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U.S.-China trade conflict could take years to resolve: Kudlow

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Via Reuters Finance

WASHINGTON (Reuters) – White House economic adviser Larry Kudlow said on Friday the United States wants “near term” results from U.S.-China trade talks in September and October but cautioned that the trade conflict could take years to resolve.

Director of the National Economic Council Larry Kudlow speaks to the media at the White House in Washington, U.S., September 6, 2019. REUTERS/Joshua Roberts

Speaking to reporters outside the White House, Kudlow said that although the United States and China have been negotiating on trade and intellectual property issues for 18 months, that was a short period of time in terms of what was at stake and negotiations could go on much longer.

“A deal of this size and scope and central global importance, I don’t think 18 months is a very long time,” Kudlow said.

“The stakes are so high, we have to get it right, and if that takes a decade, so be it,” Kudlow added, drawing parallels to U.S. Cold War competition against the Soviet Union.

But in confirming talks between high-level U.S. and Chinese officials in early October, Kudlow declined to predict outcomes or a specific timeline for reaching any agreements.

The plans for the first in-person U.S.-China trade meetings since late July were set during a phone call on Thursday between Chinese Vice Premier Liu He, U.S. Trade Representative Robert Lighthizer and Treasury Secretary Steven Mnuchin. Trade deputies are due to meet in mid-September.

BACK TO MAY

The 14-month U.S.-China trade war has escalated sharply since May, when talks broke down after Beijing backtracked on earlier commitments to make changes in law to improve intellectual property protections, curb the forced transfer of U.S. technology to Chinese firms and improve U.S. access to Chinese markets.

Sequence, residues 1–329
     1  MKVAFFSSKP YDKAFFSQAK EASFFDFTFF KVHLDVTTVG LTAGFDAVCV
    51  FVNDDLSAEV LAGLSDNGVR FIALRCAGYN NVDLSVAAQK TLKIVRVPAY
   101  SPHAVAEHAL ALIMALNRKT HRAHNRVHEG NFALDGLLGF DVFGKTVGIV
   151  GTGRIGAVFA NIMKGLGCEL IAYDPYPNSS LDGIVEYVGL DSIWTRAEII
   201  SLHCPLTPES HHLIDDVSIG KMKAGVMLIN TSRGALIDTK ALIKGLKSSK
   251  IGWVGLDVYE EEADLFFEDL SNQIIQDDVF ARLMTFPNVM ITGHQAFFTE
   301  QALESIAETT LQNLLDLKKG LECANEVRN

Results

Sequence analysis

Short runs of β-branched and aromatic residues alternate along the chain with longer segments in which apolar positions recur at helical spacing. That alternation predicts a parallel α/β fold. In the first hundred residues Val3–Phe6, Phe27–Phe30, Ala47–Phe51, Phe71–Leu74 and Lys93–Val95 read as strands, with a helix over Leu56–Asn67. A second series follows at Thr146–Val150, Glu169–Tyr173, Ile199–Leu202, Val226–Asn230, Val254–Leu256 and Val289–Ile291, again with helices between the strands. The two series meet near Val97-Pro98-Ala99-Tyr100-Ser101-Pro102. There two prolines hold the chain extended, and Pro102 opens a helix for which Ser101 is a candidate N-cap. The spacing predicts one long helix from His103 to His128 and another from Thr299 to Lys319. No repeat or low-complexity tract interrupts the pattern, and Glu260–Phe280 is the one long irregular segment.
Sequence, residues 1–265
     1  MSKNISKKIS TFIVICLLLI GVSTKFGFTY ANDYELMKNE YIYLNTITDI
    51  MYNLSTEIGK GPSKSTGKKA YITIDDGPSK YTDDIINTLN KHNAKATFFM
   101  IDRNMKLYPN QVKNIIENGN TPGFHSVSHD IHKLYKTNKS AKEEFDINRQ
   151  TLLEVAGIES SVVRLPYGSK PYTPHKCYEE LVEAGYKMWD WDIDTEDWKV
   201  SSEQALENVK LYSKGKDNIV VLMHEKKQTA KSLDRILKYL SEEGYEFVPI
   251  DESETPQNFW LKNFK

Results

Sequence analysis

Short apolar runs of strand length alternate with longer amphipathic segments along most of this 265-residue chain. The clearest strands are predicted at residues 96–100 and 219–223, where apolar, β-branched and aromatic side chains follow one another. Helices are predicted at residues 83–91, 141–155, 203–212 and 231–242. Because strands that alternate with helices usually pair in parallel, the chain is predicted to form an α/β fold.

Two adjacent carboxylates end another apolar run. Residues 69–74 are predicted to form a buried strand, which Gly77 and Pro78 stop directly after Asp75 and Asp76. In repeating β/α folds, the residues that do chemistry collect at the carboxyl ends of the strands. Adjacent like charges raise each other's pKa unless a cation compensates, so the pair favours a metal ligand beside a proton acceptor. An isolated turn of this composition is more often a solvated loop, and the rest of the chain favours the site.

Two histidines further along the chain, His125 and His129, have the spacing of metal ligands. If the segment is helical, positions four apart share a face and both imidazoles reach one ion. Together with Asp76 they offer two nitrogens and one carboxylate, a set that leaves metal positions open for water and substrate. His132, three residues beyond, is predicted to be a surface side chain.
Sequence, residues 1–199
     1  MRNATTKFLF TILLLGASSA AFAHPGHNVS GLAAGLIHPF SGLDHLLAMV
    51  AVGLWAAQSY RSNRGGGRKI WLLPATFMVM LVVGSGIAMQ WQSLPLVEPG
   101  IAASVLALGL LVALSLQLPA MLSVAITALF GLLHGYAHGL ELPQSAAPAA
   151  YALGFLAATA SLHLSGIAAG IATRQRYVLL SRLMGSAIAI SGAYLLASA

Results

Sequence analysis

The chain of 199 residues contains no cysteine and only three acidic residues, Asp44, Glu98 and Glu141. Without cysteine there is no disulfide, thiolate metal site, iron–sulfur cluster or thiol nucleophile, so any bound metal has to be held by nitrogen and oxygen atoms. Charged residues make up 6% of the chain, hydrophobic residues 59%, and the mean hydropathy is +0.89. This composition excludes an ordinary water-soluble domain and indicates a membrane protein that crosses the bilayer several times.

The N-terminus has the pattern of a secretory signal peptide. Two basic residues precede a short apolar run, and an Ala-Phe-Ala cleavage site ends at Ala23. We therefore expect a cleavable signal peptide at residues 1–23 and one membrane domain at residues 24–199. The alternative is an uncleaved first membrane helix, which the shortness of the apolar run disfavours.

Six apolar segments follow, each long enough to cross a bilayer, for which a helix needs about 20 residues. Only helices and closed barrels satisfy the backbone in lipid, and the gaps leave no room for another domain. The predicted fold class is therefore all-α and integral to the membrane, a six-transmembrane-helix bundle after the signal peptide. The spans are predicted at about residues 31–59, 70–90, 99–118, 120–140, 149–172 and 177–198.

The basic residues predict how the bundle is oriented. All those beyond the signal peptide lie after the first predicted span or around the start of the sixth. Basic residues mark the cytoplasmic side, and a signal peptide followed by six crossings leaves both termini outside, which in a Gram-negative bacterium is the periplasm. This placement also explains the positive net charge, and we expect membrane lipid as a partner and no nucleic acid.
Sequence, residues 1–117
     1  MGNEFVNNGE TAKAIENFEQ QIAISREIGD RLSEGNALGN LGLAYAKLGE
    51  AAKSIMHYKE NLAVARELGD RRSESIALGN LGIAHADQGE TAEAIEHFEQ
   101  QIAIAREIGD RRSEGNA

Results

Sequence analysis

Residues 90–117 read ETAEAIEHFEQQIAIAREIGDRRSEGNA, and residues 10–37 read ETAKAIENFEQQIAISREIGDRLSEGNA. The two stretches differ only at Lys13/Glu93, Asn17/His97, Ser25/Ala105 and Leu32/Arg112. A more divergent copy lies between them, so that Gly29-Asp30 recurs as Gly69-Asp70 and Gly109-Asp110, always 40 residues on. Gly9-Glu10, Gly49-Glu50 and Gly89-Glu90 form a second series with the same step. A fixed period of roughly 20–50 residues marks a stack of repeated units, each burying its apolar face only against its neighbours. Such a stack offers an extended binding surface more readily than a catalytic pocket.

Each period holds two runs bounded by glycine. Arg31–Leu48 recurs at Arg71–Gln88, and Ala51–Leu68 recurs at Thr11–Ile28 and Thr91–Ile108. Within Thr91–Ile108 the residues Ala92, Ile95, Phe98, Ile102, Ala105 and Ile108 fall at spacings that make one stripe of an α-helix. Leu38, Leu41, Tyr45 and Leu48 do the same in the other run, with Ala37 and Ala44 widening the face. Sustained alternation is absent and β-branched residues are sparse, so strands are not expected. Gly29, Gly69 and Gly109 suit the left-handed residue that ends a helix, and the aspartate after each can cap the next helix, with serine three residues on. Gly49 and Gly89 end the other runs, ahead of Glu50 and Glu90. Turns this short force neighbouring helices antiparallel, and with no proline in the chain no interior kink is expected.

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Since then, U.S. President Donald Trump has sharply increased existing tariffs on $200 billion worth of Chinese goods and imposed or scheduled new tariffs on virtually all remaining imports from China to increase his negotiating leverage.

Kudlow told Bloomberg TV that he could not speculate on whether the September or October talks could delay a planned tariff increase on Oct. 1 to 30% from 25% on $250 billion worth of Chinese goods.

“We would like to go back to where we were last May, but I don’t know if that’s possible, and I don’t want to predict any outcomes. This is a difficult matter,” told reporters at the White House.

He also said that it was important that Chinese reforms be reflected in changes to its laws and that any deal must have enforcement provisions to ensure that China lives up to its commitments.

EVERYTHING ON TABLE

He said on Fox Business Network that the September and October talks would cover all of the core issues in the dispute.

“Everything will be on the table. You can rest assured, for example, the absolute key structural issues – the IP theft, the forced transfer of technology, the cyber space, the clouds, financial services, all of that will be on the table – agriculture purchases, industrial purchases, energy purchases, getting tariff and non-tariff barriers down,” Kudlow said.

While there were no precondition talks, Kudlow told Bloomberg TV that the Trump administration wants “to see results in the near term.”

Director of the National Economic Council Larry Kudlow speaks to the media at the White House in Washington, U.S., September 6, 2019. REUTERS/Joshua Roberts

“When we don’t see results, we take additional actions,” Kudlow said. “On the other hand, if we do see results from these upcoming meetings, then progress will be made.”

Trump said on Twitter that China was hurting economically from the U.S. tariffs but that the new round of talks were positive.

“‘China is eating the Tariffs,’” Trump tweeted. “Billions pouring into USA. Targeted Patriot Farmers getting massive Dollars from the incoming Tariffs! Good Jobs Numbers, No Inflation(Fed). China having worst year in decades. Talks happening, good for all!”

Reporting by Roberta Rampton, Susan Heavey, Tim Ahmann and David Lawder; Writing by David Lawder and Makini Brice; Editing by Jonathan Oatis, Steve Orlofsky and Cynthia Osterman


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